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Five Things I Have Learnt Over the Last Year

It is almost a year exactly since I started this blog, and so much has happened since then. I have been thinking a lot about the past year, how it has been and how to keep moving forward in the year to come. So for this post I have put together five things that I have learnt, and am still learning to embed into my practice.


Detail and precision

The biggest thing by far that I have discovered (after a friend pointing it out to me) is the important of the quality of the final finish of your work.

A year ago when I had finished a painting, or so I thought, I would generally decide whether I was happy with it or not and that was that. Little did I know that there were tiny imperfections that I couldn’t see in that moment. I don’t think that this applies to purely geometric work as I have seen it in botanical studies I have done too. When I say imperfections, I mean that there may have been a brushstroke that was not moving in the right direction, a small area that was the white of the page that I hadn’t noticed: to put it simply, something that no-one would probably ever see, that was there none the less.


When this was pointed out to me and I saw it for the first time I was honestly a mix of shocked and disheartened, left wondering how on earth I couldn’t see these minuscule details. Once I had reconciled the emotion of this, I began making a real effort to meticulously inspect my work as I made it, which did make the process much harder at first, but gradually became second nature. All that I can say about this is that it makes more than a world of difference, there is a sharpness to my work now that I didn’t have before, the cumulative effect of paying this extra attention is huge, and definitely worth it.

Experimentation

This one sounds like a cliche for sure and makes me cringe a bit to say it, but I have seen the positive impacts of experimentation constantly this year. You wouldn’t imagine that I have spent weeks over the last year working with video, photography, batik and pastels: there is a whole folder of work in the studio that is full of pieces that probably won’t ever be seen.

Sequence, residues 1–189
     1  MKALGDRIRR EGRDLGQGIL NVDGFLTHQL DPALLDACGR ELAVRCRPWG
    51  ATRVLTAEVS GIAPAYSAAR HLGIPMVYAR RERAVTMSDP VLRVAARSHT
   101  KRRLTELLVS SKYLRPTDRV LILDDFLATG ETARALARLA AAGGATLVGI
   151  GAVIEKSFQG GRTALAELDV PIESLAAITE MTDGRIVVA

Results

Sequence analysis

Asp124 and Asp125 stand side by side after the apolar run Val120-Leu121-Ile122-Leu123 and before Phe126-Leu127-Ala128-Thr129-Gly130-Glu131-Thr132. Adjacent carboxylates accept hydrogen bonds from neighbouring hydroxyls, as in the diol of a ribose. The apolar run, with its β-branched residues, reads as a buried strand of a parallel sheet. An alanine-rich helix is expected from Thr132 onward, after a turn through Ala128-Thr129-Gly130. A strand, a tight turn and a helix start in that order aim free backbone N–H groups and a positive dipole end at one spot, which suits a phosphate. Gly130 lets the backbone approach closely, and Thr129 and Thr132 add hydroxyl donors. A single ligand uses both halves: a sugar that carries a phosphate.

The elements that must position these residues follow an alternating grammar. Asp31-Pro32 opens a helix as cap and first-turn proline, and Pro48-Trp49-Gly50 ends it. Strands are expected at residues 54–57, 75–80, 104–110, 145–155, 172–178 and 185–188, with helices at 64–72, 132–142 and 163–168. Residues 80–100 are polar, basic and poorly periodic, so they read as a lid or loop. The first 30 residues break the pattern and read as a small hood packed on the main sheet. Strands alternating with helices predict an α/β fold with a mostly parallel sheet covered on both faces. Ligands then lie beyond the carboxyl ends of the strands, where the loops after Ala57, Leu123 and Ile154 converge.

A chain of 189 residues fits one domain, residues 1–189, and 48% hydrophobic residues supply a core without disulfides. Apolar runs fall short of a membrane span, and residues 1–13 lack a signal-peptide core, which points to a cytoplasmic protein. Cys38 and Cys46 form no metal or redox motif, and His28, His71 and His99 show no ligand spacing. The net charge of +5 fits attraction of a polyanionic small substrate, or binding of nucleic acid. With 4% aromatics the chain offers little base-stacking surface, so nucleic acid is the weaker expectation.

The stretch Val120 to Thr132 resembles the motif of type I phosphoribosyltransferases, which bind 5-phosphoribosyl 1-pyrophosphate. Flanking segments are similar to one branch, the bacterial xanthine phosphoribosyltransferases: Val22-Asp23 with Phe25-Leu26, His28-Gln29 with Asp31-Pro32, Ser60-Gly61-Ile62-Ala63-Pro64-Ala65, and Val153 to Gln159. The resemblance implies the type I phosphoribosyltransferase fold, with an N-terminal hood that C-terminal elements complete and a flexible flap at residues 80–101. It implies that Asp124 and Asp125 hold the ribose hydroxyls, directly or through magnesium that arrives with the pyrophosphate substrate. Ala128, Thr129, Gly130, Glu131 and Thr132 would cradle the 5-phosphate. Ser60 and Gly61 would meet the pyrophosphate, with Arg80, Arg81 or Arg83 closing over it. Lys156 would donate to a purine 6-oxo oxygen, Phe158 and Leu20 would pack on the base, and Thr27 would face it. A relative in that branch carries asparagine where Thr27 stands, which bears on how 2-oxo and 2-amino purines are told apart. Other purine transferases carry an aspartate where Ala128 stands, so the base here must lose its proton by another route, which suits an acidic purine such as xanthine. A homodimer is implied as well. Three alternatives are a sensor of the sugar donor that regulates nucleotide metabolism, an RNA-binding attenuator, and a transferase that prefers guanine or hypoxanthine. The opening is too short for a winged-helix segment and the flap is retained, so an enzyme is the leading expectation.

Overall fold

However, these works are where some of the best ideas that I have had and techniques that I have discovered have arisen from. Sometimes a texture that I’ve created in one medium sparks a whole new approach to painting, or a certain way of using colour creates new moods that I haven’t worked with before. The second impact of experimentation is valuable time away from my main work, It satisfies the urge to make, but also allows a rest and break from what I have been working on, which is sometimes a necessity when I feel stuck in a rut.

Periods and paintings aren’t friends

I don’t think this one needs much explanation, but when I am on my period I don't produce work I am happy with, I am not sure if it is a loss of patience or tiredness: it just doesn’t seem to work. I have tried fighting it and the results never end well. This is perhaps where experimentation comes in, I have found that this is the best time for me to play with new ways of working as it takes the pressure off to make good work and allows for a bit of a breather.

For every yes there are 10 that will say no, at least!

This one is a simple as it sounds, I have applied to more residencies, open calls, competitions and opportunities than I can remember over the last year, learning more about this process with each one. It could be a bit of a rollercoaster if you take each rejection to heart, so it has been better to keep on building a thick skin and moving forward.

I have seen how the applications that have had positive outcomes have been those that best fit my practice, generally speaking, although it is always going to be hit and miss. There are a million subjective reasons why you may or may not be chosen, and each is completely unique, so hard as it is try not to loose heart. I think the bottom line is that being an artist is about patience, not just in making work, but it waiting for the chance to share your work too.

Spend as much time as possible in the zone, when you are there

It is so much easier said than done, with all of the different obligations that we all have within out lives, whether it be part time jobs, household chores, applications that pull our attention; I have found that the hardest part of being an artist is managing all of this.


But despite this, there are times when I am very inspired, where all I want to do is paint, and it honestly feels like I could stop eating and sleeping and just carry on for days on end. ( I do still make sure I eat, sleep and have breaks) Some of my strongest work has come out of these moments and I cherish them immensely, so I have to honour them too, even if it means sacrificing other things.



That brings me to the end of this post, and the one year anniversary of the blog! Thank you so much to everyone who has been reading these and supporting my work over the last year, it means so much :) I hope that we will all have a productive and exciting year to come!


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